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Downscaling SMAP soil moisture estimation with gradient boosting decision tree regression over the Tibetan Plateau
- Wei, Zushuai, Meng, Yizhuo, Zhang, Wen, Peng, Jian, Meng, Lingkui
- Remote sensing of environment 2019 v.225 pp. 30-44
- algorithms, decision support systems, digital elevation models, moderate resolution imaging spectroradiometer, radar, regression analysis, remote sensing, satellites, soil water, vegetation, China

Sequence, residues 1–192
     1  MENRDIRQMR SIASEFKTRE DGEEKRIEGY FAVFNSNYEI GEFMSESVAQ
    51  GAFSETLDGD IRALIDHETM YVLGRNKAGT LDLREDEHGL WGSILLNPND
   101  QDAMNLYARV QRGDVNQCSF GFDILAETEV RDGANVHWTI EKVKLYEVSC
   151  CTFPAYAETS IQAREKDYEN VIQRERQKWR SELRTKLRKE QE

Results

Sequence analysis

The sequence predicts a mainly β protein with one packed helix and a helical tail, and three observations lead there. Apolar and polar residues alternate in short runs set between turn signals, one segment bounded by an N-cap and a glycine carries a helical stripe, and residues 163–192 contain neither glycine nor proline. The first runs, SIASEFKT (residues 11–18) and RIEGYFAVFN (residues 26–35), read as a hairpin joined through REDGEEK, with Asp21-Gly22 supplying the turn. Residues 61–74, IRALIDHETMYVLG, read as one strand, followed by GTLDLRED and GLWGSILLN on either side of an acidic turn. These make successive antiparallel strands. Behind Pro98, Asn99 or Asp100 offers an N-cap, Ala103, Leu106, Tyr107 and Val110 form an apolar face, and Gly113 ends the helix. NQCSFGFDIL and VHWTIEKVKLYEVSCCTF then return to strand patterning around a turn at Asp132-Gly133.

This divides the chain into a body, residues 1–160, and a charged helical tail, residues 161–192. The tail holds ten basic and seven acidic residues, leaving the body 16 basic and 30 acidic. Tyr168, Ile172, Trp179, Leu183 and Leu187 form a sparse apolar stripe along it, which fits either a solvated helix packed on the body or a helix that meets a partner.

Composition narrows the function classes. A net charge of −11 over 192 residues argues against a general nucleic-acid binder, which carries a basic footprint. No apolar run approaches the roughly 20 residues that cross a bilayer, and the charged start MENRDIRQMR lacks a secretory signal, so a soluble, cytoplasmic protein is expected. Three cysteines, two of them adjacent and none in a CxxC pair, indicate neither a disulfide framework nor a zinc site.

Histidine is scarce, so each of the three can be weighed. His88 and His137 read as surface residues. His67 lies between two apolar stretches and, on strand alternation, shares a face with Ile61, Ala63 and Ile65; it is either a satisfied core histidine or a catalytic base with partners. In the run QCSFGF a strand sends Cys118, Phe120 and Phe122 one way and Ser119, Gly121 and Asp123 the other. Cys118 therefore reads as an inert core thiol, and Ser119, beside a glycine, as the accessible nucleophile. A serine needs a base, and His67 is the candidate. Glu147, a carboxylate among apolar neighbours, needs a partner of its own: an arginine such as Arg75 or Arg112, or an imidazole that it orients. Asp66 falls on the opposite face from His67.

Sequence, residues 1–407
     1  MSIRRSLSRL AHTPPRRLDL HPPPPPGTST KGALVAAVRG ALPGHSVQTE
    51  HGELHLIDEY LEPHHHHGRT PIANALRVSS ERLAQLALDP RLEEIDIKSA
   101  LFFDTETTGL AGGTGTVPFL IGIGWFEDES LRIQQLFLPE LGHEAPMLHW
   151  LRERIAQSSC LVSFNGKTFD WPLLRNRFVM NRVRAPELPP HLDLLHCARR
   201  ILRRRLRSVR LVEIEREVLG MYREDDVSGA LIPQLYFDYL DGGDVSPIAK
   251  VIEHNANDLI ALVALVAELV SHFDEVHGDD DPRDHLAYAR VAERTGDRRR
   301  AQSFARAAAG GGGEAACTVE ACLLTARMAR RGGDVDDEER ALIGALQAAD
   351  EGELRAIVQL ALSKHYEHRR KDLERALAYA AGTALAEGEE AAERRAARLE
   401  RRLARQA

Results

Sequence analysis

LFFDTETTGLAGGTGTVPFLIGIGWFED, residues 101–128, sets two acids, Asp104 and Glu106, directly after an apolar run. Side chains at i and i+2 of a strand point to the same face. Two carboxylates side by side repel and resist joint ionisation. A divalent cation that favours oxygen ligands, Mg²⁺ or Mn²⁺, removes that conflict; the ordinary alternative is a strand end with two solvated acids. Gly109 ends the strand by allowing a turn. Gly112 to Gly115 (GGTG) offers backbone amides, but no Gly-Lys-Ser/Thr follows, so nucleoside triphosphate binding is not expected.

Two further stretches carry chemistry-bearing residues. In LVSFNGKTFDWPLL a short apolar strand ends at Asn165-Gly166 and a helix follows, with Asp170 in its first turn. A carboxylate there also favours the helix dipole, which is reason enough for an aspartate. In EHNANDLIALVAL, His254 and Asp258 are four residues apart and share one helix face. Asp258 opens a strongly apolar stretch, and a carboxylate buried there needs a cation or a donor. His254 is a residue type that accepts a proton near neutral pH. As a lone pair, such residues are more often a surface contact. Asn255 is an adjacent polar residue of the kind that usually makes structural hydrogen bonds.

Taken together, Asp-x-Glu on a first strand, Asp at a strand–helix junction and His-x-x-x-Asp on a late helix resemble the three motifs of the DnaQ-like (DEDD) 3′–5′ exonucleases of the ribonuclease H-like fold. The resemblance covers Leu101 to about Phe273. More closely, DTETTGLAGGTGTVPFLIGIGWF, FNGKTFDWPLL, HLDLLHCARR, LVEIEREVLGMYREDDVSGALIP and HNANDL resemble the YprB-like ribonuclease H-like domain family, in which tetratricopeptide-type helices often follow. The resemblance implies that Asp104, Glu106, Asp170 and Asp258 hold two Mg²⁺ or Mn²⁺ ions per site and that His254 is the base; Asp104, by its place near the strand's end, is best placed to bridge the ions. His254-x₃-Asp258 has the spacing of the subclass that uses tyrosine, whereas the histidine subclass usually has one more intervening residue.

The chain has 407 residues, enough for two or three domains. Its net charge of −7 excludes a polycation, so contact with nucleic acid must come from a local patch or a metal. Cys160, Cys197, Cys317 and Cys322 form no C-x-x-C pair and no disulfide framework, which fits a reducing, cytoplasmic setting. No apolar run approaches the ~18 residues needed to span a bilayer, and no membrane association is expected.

- The Soil Moisture Active Passive (SMAP) satellite can no longer directly deliver high-resolution (9 km) soil moisture products with the failure of the onboard L-band radar. Thus, an appropriate replacement sensor and new algorithms are urgently needed to compensate for the lost radar and estimate soil moisture at high-resolution. This paper presents a new downscaling approach, the Downscaling basEd oN gradient boosting deciSion trEe (DENSE) method to solve this problem. We analyzed 26 soil moisture related indices, derived from MODIS and a digital elevation model, to identify proxy variables for soil moisture variability. A gradient boosting decision tree regression links the aggregated soil moisture proxies and SMAP observations at a coarse scale to express the nonlinear relationships between them. High-resolution soil moisture products were generated by applying this built regression model to the optimal soil moisture proxies at a fine scale over the entire Tibetan Plateau during the years 2015–2017. In situ measurements were collected from the Ngari, Naqu, and Maqu networks, which represent different climatic and vegetation conditions. We evaluated the downscaled soil moisture against ground observations at the daily, point, and network scales. The results indicated that the DENSE method effectively infers the spatio-temporal variability of soil moisture; and at the same time, preserves SMAP soil moisture accuracy. The performance of the proposed method failed in the Maqu network as this area is covered by dense vegetation. Although further improvements are still needed to correct vegetation effects, nevertheless, the DENSE method improved the spatial resolution of SMAP soil moisture estimates, from 36 km to 1 km over the Tibetan plateau where high-resolution soil moisture products are necessary to support local and global hydrological applications.